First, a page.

Bike, Beach, Craft Brew

Bike from Watsonville to Sunset State Beach in Santa Cruz County

Escape the summer heat with the wind in your hair and your toes in the sand! This 12-mile (round-trip) gravel trail leads cyclists from Watsonville to the sandy shores of Sunset State Beach.

From the Riverside Road trailhead, head southwest on the Pajaro River Levee Trail. After a mile of quaint homes and cactus gardens, the buildings give way to huge stretches of farmland, including sweet-smelling strawberry fields and colorful rows of cabbage.

At the intersection with the Watsonville Wastewater Plant, break to enjoy the shaded picnic areas. (Tip: Those looking for a shorter ride can use this location as a starting point for a kid-friendly 6-mile round-trip pedal.) 

Cyclists interested in bird watching can continue along the trail until it dead-ends at the scenic wetlands, where ibis, kingfishers, and plovers can be spotted. But those interested in sunbathing at the beach should turn right at the intersection with Thurwachter Road, then left on Beach Street. Soak up the salty air as you pedal the last 1.5 miles to Sunset State Beach. Cyclists are admitted for free, and there is a bike rack located next to the bath house.

Climb the sandy hill to reach beautiful Palm Beach, perfect for a refreshing dip in the waves after a long ride. Visitors can make use of the picnic areas and bonfire pits before retracing their route back to Riverside Road.

BONUS: Looking for a post-ride meal? Head over to Fruition Brewing, a local brewhouse that sources their ingredients from the Watsonville farmlands. Enjoy live entertainment while sampling their selection of beer, cider, and gourmet bar snacks. (Heather recommends the Guava Punch Buzz and Grilled Cheese Deluxe.) Fruition Brewing is located at 918 E. Lake Avenue, in Watsonville.

The Riverside Road trailhead is located at the intersection of Bridge St. and Riverside Rd. in Watsonville. From US 101, exit onto CA-152/Hecker Pass. After 17.5 miles, turn left onto Blackburn St. in Watsonville. Park in the public lot or for free on Bridge St. Gravel or mountain bikes are recommended for this trail.

Story and photos by Heather Werner,

Trending Stories NorCal

View all Stories
  1. Camp and Kayak at Utica Reservoir in Stanislaus National Forest

    Sleeper Hit

    It's all about the water, and the camping, at Utica Reservoir in Stanislaus National Forest, a High Sierra reservoir perfect for kayak explorations and pitching your tent with the lake in the background.

  2. Wapama Wows

    Hetch Hetchy can be overlooked in Yosemite National Park because of its more remote location and limited facilities. But this is where you’ll also find one of the best day hikes in the park: Wapama Falls.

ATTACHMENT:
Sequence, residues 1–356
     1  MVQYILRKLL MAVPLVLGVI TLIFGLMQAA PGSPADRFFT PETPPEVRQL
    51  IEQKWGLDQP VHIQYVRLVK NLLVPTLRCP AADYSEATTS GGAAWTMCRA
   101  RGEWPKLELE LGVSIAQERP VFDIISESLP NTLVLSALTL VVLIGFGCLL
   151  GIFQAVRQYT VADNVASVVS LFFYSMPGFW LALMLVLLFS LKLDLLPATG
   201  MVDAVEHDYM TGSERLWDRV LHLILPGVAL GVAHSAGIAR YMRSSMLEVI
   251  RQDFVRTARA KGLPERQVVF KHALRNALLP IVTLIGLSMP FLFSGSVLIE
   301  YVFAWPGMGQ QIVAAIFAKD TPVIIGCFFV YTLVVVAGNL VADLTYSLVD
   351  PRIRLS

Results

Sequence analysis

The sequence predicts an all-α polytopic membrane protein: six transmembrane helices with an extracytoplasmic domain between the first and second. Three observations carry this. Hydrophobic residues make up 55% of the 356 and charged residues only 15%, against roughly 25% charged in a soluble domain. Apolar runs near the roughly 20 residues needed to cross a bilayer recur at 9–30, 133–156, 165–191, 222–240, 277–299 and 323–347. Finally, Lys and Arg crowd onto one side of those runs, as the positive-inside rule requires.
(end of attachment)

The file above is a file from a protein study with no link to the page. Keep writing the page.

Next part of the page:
3. Sheep Tight!

    You’re not going to have to count sheep to get a good night’s sleep at Sheep Dung’s beautiful property in Anderson Valley near Boonville. Four modern cottages—tucked far apart from each other among 500 acres of rolling hills—are designed for blissful solitude. And it’s dog-friendly!

  4. Hike Mount Tamalpais into Muir Woods

    Muir Woods Through the Backdoor

    A backdoor entrance into Muir Woods? Hike a tranquil trail that starts in Mount Tamalpais State Park and quietly leads into Muir Woods, letting you avoid the busyness of the main parking area.


Trending Stories SoCal

View all Stories
  1. All the Wright Stuff

    Avoiding drama? That’s a good thing. Unless you’re talking about campsites. In that case, the more dramatic the better! And Wright’s Beach on the Sonoma Coast is quite the drama queen—27 campsites sitting smack dab in the middle of the wild and raging Sonoma Coast State Beach.

  2. kirk creek campground big sur

    Sur Bet!

    You can spend $1,000 a night for an ocean-view room in Big Sur. Or you can spend $45 and wake up to the sound of crashing waves and incredible views of Big Sur’s coastline when staying at Kirk Creek Campground.

  3. Secret Redwoods + Camping by the River

    Grizzly Creek Redwoods State Park is a little-known gem where skyscraping reds (the tallest living trees in the world!) fly under the radar. Grizzly’s ironically small size and location off the beaten path provide near total seclusion, not to mention relaxing camping!

  4. Three Falling

    Three waterfalls, and fewer people. McCloud Falls might be the best waterfall hike in Northern California. There are bigger waterfalls in the state, but it’s the whole package that makes this 4-mile (round-trip) hike truly memorable.